If you download posters from this artpack, please consider making a donation to the Belly Mujinga fund set up by her colleagues, which can be found here: gofundme.com/f/rip-belly-mujinga.
Shadow Minister for Tourism and Heritage
Paul Kastner once said “If you can remember anything about the sixties, you weren't really there”. For those of us who lived through the ‘90s we remember it in glorious hypercolour, dancing to the Stone Roses as the sun rose in a field.
The political and cultural landscape of the 90s is well remembered, with good reason. The release of Nelson Mandela from prison, Black Wednesday, the tragic death of Princess Diana and – of course – the 1997 General Election dominated the news. It was also the decade that saw the battle of Blur v Oasis, six seasons of Friends and many, many Tamagotchi deaths.
It was also the decade that technology upended our world – the true beginning of the electronic age. The 90s was a golden age for video games, as Microsoft and Windows quickly became ubiquitous, both at work and at home. In this artpack the designers have focussed more on the latter than the former. As someone who spent literally thousands of hours playing Sid Meier’s Civilisation series (before I embarked on the Labour Doorstep!) it’s filled me with nostalgia. The homage to Microsoft Windows games will bring back happy memories to all those who worked in a 90s office. Who didn’t enjoy the odd sneaky game of Solitaire, Pinball or Minesweeper at work? And who can forget Wordart – forever in our hearts.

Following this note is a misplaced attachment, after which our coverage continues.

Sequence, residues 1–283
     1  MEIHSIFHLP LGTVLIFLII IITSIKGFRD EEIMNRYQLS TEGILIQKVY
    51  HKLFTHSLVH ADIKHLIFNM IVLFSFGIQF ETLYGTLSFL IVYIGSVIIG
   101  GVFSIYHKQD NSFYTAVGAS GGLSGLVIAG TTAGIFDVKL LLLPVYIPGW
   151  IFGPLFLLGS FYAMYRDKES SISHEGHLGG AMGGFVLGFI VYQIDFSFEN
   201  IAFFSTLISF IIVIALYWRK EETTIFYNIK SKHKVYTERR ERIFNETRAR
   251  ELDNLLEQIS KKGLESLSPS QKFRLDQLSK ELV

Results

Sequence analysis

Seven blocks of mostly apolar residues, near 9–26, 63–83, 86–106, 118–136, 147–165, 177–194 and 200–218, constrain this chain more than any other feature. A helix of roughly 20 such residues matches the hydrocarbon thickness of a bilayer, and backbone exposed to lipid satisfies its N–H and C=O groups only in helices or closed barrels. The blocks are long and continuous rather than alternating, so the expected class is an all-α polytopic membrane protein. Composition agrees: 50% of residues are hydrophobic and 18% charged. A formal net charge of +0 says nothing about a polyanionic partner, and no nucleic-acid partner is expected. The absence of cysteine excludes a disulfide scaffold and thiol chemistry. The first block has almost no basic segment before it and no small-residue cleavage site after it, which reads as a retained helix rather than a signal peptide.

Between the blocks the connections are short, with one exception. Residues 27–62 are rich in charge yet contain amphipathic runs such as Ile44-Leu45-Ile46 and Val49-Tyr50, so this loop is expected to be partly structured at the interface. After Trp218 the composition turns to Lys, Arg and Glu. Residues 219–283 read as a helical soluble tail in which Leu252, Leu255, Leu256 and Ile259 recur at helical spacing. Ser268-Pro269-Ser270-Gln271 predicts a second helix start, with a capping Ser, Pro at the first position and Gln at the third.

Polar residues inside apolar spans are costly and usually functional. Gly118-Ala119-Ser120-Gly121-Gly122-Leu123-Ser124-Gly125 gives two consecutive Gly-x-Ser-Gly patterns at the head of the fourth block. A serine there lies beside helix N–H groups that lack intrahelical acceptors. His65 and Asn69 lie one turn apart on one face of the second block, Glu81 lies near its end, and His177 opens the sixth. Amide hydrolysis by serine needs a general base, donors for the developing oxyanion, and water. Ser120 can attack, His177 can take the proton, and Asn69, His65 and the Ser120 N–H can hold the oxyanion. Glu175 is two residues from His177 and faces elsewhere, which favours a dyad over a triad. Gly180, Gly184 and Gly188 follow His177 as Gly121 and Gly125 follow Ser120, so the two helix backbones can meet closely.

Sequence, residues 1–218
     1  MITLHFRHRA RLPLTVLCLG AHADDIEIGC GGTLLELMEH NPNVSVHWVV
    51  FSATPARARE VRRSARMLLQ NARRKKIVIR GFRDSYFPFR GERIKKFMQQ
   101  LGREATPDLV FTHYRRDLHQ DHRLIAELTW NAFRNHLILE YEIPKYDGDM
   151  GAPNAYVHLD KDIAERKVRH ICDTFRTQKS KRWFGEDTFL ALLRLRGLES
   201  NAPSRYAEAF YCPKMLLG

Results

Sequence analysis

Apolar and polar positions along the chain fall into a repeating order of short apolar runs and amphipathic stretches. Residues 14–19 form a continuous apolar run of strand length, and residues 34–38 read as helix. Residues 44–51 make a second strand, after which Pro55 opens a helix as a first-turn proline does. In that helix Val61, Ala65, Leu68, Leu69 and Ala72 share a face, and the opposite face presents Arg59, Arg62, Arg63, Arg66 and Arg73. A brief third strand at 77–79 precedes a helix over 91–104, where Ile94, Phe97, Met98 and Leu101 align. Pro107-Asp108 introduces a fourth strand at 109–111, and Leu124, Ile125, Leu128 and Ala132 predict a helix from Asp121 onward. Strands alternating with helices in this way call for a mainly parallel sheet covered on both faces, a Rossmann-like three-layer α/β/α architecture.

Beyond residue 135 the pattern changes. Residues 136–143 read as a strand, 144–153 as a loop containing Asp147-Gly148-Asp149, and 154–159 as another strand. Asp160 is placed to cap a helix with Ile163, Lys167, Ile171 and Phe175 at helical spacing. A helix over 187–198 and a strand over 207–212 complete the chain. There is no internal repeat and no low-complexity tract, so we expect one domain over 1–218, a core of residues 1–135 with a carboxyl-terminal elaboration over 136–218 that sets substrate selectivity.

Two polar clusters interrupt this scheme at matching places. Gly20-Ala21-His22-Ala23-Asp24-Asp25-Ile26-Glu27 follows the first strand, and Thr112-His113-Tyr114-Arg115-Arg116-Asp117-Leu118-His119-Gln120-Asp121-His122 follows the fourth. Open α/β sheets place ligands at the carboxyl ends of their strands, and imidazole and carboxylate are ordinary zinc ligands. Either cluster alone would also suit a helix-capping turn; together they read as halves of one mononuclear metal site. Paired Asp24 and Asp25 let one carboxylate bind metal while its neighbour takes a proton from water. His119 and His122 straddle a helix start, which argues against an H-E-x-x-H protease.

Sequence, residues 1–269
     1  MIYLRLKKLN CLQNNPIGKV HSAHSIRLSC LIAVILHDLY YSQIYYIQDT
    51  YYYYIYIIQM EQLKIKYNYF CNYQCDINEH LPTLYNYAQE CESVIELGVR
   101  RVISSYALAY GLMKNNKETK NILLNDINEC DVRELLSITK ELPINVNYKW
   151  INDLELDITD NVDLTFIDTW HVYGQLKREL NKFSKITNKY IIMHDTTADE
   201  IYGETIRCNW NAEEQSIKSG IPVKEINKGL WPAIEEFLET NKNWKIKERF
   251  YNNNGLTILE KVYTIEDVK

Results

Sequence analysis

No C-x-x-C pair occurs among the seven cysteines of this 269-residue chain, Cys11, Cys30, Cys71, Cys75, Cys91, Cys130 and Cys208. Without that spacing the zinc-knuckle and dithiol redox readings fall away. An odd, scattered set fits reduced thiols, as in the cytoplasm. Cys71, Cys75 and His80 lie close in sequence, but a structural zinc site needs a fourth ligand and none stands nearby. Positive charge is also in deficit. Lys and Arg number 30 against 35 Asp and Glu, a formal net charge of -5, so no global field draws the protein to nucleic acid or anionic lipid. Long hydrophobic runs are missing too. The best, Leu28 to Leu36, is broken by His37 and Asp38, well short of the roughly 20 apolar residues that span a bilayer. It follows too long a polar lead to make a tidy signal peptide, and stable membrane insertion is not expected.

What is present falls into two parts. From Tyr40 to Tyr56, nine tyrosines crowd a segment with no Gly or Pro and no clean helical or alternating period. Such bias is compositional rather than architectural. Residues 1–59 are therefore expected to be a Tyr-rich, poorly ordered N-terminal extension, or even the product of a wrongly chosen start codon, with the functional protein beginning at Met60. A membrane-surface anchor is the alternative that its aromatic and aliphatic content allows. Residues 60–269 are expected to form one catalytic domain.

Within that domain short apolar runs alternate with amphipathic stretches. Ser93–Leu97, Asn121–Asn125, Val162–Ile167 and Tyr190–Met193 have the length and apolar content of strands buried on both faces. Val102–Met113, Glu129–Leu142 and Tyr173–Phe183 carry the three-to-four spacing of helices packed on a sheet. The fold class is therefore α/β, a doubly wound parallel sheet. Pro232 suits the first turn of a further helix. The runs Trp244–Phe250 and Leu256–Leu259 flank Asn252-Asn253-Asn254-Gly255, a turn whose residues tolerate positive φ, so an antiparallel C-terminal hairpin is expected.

Although this artpack is lighthearted, it’s also an important reminder that Gen X and Y are a hugely important part of the electoral coalition needed to win the next General Election. After the horrors of the 80s, our 90s memories our bathed in a warm glow – a kind of healthy nostalgia that we can tap into.
The 90s was a time of transformation for Labour campaigning. Sudden widespread ownership of home computers and the slow advance of the internet into homes and workplaces meant that leaflet design was transformed. Lucky CLPs had a member both proficient and equipped with desktop publishing software- for the rest, Microsoft Word and Paint had to suffice. Contact Creator had its exciting debut, although taking it with you on the doorstep was a pipedream!
Just like the 90s, we now need another paradigm shift and to transform our use of technology as a party. For me, Design and data are key to effective campaigning. The innovation and talent of organisations like the Labour Party Graphic Designers and Labour Society of Campaigners can be at the forefront of this transformation – its now up to the party to recognise it.
LPGD is an independent network of creatives supporting the Labour Party. We are volunteer-led and not formally affiliated to the Labour Party.
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